- Tuesday, April 20, 2021 at 12:00PM - 1:30PM
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Video games continue to grow in economic and cultural significance. The video game industry claimed $145.7 billion in global revenues in 2019, surpassing box office revenues at $42.5 billion and music industry revenues at $20.2 billion. Games like Fortnite and Minecraft are now fixtures of popular culture, and in the lead-up to the 2020 election Congresswoman Alexandria Ocasio-Cortez garnered over 4.5 million views by taking to the popular video game livestreaming platform Twitch to get out the vote. Despite its growing importance, the video game industry has received little attention in legal scholarship on the creative industries.
This project enters the gap to examine how IP law drives investment, creative decisions, and ultimately competition in the video game industry. In particular, it examines the apparent disconnect between the expense of developing a new video game and the relative lack of legal protection against copying. New games can cost upwards of $100 million to produce. While these games enjoy some degree of IP protection, litigation over the past several decades has demonstrated that competitors are free to release “clones”—games that are remarkably similar in their look, plot, and gameplay—due to exceptions and limitations in copyright. Ordinarily we might predict that the risk of being undercut in this way would discourage investment into high-budget projects. How can firms justify spending so much if the resulting works have this legal vulnerability?
The answer lies in a closer examination of where those development dollars are directed. My working hypothesis is that firms focus on elements that can be legally protected, like trademarked franchises and copyrighted characters, as well as elements that are not legally protected but simply expensive to copy, such as cutting-edge graphics and extensive marketing campaigns. These dynamics may help explain the observation that video games have become increasingly formulaic and reliant on sequels: firms may stick with the tried-and-true and avoid creative risks because they must generate enough sales to reliably recoup millions of dollars in development and promotion costs. These dynamics may also provide insight into the precarity of independent game studios who develop worthwhile innovations: well-financed studios can exploit innovations in gameplay or theme pioneered by independent developers because there is little IP protection for these elements, while independent developers lack the graphics and advertising budgets to compete if a major studio creates a clone.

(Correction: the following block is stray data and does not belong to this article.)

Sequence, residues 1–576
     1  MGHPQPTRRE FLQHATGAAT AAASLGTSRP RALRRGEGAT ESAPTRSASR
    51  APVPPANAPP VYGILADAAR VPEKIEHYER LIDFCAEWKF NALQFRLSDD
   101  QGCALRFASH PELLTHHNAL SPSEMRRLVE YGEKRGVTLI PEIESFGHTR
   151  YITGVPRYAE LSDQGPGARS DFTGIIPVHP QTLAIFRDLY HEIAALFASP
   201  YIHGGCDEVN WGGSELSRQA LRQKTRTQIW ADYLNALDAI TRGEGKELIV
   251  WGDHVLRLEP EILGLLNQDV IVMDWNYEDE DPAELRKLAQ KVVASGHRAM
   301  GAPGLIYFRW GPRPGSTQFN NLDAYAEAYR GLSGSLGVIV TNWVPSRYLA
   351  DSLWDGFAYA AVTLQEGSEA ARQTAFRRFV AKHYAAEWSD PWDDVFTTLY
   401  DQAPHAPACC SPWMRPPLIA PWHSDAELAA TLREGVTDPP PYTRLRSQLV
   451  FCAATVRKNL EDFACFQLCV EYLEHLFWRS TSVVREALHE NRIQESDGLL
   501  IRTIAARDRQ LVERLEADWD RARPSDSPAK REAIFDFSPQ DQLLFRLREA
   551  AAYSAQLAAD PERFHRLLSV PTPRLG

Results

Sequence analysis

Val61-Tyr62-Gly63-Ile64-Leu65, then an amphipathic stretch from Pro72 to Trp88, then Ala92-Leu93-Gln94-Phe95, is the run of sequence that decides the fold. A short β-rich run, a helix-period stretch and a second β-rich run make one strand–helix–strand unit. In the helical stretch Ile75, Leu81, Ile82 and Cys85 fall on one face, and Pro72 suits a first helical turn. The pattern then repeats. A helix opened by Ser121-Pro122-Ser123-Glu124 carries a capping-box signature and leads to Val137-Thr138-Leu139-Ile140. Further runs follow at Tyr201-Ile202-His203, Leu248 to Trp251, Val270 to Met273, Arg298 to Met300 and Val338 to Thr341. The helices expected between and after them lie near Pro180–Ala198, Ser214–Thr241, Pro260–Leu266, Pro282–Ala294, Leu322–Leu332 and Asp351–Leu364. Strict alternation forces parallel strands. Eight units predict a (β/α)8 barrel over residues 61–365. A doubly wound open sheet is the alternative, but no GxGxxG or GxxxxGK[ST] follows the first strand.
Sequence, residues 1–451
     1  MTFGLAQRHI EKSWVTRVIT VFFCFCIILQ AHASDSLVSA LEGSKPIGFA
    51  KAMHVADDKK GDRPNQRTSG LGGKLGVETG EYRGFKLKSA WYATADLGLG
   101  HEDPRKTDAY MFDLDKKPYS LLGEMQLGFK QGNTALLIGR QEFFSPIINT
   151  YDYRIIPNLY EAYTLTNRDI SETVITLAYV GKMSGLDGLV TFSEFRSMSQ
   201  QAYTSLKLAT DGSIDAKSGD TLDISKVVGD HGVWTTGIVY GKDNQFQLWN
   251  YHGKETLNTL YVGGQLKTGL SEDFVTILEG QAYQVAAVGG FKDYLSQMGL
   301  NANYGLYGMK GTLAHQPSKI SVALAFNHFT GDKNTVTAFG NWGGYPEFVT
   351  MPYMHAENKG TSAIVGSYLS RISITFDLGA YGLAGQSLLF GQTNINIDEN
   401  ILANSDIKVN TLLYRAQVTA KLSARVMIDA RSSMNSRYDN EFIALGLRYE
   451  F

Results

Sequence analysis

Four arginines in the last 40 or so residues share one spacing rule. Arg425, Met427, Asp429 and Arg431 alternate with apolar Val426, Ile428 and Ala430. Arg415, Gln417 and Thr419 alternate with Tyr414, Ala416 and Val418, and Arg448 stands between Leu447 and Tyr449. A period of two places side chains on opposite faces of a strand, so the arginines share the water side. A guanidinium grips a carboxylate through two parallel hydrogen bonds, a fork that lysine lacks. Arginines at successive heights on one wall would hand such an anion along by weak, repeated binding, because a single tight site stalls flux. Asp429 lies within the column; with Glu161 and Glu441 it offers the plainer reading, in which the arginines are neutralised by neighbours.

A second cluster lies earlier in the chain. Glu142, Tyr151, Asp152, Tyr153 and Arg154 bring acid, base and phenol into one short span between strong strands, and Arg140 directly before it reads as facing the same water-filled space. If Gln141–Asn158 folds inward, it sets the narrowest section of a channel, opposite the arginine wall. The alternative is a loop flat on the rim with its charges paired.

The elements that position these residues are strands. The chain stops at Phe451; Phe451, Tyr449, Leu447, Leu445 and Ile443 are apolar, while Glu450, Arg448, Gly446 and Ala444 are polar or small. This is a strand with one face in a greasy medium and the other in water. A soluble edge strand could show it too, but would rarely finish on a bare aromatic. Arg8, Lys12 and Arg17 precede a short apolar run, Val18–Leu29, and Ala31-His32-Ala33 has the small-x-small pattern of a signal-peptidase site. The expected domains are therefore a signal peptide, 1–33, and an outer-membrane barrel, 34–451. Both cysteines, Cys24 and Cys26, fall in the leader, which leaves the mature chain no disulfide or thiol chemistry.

BJ Ard is an assistant professor at the University of Wisconsin Law School and an affiliated fellow at the Yale ISP. Prior to joining the UW faculty in 2018, Professor Ard worked as a visiting assistant professor at the University of Arizona James E. Rogers College of Law, a resident fellow at the Yale ISP, and in private practice at Irell & Manella LLP in Los Angeles. Professor Ard's areas of teaching and scholarship include intellectual property, privacy, and the intersections of law and technology. Professor Ard completed his J.D. and Ph.D. at Yale Law School, where he was awarded the Stephen J. Massey Prize for his work in the Community and Economic Development Clinic and served as Managing Editor of Yale Law Journal. After law school, he served as a clerk to Judge R. Lanier Anderson III of the Eleventh Circuit.